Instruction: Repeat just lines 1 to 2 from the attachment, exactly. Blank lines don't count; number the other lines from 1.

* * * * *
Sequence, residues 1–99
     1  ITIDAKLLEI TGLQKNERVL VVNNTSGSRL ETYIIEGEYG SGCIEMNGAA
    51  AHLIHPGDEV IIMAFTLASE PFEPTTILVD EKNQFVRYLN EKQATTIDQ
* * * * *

Sequence, residues 1–99
     1  ITIDAKLLEI TGLQKNERVL VVNNTSGSRL ETYIIEGEYG SGCIEMNGAA